Picture of athlete cycling

Open Access research with a real impact on health...

The Strathprints institutional repository is a digital archive of University of Strathclyde's Open Access research outputs. Strathprints provides access to thousands of Open Access research papers by Strathclyde researchers, including by researchers from the Physical Activity for Health Group based within the School of Psychological Sciences & Health. Research here seeks to better understand how and why physical activity improves health, gain a better understanding of the amount, intensity, and type of physical activity needed for health benefits, and evaluate the effect of interventions to promote physical activity.

Explore open research content by Physical Activity for Health...

The release of model macromolecules may be controlled by the hydrophobicity of palmitoyl glycol chitosan hydrogels

Martin, L. and Wilson, C.G. and Koosha, F. and Tetley, L. and Gray, A. and Senel, S. and Uchegbu, I.F. (2002) The release of model macromolecules may be controlled by the hydrophobicity of palmitoyl glycol chitosan hydrogels. Journal of Controlled Release, 80 (1-3). pp. 87-100. ISSN 0168-3659

Full text not available in this repository. Request a copy from the Strathclyde author

Abstract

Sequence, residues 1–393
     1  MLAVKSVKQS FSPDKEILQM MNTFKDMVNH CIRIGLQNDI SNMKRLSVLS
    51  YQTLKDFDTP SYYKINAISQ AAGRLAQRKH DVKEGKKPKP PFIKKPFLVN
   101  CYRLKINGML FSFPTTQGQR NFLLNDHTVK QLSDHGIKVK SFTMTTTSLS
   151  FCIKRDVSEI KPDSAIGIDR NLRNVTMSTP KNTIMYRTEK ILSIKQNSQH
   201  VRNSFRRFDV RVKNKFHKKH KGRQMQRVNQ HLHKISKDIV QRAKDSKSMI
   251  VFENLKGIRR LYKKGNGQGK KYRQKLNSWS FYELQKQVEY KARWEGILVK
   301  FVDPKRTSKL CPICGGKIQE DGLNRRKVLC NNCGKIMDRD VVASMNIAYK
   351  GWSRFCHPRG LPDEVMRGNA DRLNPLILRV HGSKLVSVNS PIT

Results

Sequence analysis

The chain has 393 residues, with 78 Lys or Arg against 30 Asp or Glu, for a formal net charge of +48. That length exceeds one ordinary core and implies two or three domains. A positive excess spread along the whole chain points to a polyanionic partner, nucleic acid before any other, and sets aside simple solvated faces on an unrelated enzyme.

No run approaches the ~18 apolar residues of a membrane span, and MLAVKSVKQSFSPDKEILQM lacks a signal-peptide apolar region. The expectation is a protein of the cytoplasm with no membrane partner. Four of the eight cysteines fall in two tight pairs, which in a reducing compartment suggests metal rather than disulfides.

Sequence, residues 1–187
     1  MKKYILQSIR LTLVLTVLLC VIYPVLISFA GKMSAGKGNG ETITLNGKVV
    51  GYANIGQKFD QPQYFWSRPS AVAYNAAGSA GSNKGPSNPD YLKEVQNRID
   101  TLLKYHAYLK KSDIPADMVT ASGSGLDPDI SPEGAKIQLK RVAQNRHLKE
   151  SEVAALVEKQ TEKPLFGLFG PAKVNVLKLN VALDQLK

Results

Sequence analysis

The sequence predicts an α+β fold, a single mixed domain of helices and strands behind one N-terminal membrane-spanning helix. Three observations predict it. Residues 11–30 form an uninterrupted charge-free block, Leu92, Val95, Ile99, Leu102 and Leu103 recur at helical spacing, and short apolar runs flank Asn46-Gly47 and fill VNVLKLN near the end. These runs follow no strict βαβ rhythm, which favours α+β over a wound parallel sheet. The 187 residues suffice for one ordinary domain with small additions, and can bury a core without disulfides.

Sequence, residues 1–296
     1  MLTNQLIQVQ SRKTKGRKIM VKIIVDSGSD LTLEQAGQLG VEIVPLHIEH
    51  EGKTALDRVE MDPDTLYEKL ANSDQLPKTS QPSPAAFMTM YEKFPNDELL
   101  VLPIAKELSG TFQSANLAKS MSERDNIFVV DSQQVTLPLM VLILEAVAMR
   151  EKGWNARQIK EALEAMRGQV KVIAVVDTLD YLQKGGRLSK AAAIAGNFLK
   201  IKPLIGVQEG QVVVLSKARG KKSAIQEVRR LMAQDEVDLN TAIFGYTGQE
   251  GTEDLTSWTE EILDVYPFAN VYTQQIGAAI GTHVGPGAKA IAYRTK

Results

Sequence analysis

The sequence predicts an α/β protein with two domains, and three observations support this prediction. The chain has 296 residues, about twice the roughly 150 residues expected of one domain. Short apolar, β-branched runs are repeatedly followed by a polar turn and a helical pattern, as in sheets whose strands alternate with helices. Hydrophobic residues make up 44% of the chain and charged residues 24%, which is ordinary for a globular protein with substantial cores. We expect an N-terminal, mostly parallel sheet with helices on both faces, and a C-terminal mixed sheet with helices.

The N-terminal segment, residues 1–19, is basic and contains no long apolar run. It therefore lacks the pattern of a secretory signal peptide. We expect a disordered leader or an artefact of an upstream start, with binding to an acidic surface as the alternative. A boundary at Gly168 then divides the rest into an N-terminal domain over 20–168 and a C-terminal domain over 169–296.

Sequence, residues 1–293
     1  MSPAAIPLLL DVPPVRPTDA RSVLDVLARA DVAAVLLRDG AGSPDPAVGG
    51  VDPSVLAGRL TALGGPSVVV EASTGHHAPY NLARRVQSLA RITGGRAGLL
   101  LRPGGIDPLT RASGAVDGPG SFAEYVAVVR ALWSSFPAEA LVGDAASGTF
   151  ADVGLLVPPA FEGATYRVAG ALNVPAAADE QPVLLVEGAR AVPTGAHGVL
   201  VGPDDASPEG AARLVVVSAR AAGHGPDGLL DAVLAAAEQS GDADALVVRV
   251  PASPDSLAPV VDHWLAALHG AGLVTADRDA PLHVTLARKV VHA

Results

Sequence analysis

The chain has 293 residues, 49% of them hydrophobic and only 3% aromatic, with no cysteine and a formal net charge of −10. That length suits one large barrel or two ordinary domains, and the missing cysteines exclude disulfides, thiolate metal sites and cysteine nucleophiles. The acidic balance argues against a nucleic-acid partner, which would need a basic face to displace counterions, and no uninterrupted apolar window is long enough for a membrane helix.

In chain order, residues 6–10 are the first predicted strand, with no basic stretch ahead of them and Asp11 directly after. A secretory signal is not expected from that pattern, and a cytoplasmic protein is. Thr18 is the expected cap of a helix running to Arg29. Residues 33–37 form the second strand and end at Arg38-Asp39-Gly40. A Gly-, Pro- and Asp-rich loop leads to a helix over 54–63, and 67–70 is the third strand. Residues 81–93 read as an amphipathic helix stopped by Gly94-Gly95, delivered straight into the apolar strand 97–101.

A non-covalently cross-linked palmitoyl glycol chitosan (GCP) hydrogel has been evaluated as an erodible controlled release system for the delivery of hydrophilic macromolecules. Samples of GCP with hydrophobicity decreasing in the order GCP12>GCP11>GCP21 were synthesised and characterised by 1H NMR. Hydrogels were prepared by freeze-drying an aqueous dispersion of the polymer in the presence or absence of either a model macromolecule fluorescein isothiocyanate-dextran (FITC-dextran, MW 4400), and/or amphiphilic derivatives Gelucire 50/13 or vitamin E d-α-tocopherol polyethylene glycol succinate. Gels were analysed for aqueous hydration, FITC-dextran release, and bioadhesion, and imaged by scanning electron microscopy. The gels were highly porous and could be hydrated to up to 95× their original weight without an appreciable volume change and most gels eventually eroded. Hydration and erosion were governed by the hydrophobicity of the gel and the presence of the amphiphilic additives. GCP gels could be loaded with up to 27.5% (w/w) of FITC-dextran by freeze-drying a dispersion of GCP in a solution of FITC-dextran. The controlled release of FITC-dextran was governed by the hydrophobicity of the gel following the trend GCP21>GCP11>GCP12. GCP gels were bioadhesive but less so than hydroxypropylmethylcellulose, Carbopol 974NF (7:3) tablets.